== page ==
I think the EW mission can probably be integrated and still be exportable; the F-35 has a pretty serious EW suite and it's going to see widespread use.

As for the first part, you can definitely use decoys and drones to try and locate SAMs like Wild Weasel aircraft, but if an enemy is smart and if they have a decently sized IADS (remembering we're talking about an enemy we're willing to send B-21s and PCAs against) they're not going to show their hand all at once / not within the first few hours or days. SAMs might lay in wait, camouflaged and only start firing when they receive information that some contacts (which they know may or may not be decoys) are actually dropping bombs, at which point the stealth aircraft may find themselves with radars radiating at them from all sides. SAMs that were in other locations previously may also be ordered to hurry over and try and fill the gap in their air defences while (known to them or not) the B-21s and PCAs are operating behind their lines.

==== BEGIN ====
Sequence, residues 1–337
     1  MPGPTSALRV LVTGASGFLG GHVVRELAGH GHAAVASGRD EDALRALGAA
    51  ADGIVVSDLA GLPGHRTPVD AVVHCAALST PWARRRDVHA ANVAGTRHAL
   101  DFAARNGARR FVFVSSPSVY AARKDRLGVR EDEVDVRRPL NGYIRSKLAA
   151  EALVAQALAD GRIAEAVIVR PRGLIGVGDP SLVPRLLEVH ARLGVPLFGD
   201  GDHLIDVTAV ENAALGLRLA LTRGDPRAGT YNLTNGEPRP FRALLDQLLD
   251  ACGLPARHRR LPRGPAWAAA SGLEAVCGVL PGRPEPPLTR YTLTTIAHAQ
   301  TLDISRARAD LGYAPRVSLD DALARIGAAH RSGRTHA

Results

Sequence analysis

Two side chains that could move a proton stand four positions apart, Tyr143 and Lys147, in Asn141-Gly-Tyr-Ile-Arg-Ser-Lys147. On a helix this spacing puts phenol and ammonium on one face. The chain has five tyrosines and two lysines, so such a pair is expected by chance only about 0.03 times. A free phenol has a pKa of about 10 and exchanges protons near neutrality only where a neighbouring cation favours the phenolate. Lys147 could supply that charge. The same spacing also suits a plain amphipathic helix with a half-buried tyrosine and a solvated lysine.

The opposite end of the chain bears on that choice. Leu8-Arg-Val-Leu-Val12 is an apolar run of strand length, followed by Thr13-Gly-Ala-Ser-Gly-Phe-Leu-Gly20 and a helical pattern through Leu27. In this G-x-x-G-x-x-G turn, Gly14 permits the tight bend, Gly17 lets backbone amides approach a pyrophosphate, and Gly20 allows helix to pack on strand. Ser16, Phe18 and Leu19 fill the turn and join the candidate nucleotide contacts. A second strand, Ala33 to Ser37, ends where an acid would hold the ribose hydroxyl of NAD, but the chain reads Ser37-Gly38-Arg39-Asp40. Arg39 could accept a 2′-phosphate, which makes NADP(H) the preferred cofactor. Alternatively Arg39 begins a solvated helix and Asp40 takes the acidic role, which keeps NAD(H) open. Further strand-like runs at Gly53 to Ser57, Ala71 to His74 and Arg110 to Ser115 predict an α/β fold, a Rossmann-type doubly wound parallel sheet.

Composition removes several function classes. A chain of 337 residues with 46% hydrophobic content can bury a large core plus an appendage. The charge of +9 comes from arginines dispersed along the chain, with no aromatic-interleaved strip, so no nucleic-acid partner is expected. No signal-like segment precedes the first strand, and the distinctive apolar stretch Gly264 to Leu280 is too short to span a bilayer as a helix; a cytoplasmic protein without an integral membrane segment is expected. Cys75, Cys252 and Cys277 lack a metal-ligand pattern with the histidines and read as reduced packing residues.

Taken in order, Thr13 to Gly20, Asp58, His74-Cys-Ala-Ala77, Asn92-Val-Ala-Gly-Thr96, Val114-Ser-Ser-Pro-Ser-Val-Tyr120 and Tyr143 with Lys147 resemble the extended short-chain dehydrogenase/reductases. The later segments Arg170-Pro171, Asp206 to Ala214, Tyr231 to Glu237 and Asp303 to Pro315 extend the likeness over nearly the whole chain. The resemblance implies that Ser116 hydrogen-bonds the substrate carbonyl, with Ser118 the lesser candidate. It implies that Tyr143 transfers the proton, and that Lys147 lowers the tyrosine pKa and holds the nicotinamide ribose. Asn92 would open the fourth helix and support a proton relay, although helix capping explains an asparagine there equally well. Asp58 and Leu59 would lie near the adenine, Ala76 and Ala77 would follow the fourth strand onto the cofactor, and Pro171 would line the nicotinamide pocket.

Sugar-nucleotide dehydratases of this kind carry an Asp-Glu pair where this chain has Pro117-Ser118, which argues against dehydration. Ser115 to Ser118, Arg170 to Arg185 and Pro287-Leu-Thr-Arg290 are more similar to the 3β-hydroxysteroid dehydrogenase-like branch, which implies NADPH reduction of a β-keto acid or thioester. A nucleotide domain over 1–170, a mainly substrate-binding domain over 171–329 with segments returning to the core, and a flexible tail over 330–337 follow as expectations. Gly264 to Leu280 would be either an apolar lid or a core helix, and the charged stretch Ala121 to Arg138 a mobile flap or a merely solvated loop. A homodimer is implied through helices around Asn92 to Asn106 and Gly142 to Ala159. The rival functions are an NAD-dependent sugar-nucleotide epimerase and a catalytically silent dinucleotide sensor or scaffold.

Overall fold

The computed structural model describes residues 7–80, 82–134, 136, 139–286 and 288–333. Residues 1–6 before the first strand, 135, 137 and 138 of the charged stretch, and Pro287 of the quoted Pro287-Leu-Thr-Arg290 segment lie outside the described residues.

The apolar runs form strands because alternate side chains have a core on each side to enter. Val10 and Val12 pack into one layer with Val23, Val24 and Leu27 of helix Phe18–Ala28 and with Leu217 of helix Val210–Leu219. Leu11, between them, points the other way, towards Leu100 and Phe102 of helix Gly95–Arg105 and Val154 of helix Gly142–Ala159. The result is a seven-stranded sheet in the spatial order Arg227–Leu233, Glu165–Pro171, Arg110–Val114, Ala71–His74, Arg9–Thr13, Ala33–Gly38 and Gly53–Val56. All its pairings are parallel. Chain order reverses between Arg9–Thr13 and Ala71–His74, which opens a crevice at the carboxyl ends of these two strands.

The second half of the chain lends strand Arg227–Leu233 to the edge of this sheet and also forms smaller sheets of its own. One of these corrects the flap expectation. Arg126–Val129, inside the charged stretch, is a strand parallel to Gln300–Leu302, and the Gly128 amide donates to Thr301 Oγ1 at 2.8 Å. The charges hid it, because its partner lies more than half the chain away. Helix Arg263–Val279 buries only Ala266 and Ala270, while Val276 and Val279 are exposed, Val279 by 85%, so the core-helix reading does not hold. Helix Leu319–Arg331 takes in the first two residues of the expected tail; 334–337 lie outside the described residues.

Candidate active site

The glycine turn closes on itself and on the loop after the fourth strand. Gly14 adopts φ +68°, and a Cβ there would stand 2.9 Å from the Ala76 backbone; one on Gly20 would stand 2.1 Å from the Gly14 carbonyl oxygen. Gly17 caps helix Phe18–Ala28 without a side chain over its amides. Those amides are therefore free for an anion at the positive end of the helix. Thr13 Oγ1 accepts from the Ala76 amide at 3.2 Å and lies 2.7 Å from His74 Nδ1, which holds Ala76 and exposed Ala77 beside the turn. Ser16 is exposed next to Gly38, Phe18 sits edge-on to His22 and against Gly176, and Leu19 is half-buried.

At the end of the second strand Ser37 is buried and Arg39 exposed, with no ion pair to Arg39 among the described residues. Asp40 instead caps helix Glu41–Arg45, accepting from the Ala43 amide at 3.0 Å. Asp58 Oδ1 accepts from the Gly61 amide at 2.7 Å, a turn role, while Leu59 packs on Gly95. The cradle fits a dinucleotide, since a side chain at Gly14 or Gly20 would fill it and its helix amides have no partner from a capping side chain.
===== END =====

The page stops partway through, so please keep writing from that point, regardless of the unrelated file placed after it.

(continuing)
From what I've read, the intent is that F-35s and potentially other aircraft will be working to ensure that these tunnels through enemy IADS don't close up (ie, they'll be on SEAD / DEAD duty, working around and in the trail of these B-21s, etc), but it's certainly possible that the F-35s are too busy, or that intelligence underestimates the forces in that area, meaning there are no F-35s there, or that the F-35s are too far away due to poor timing / mission planning.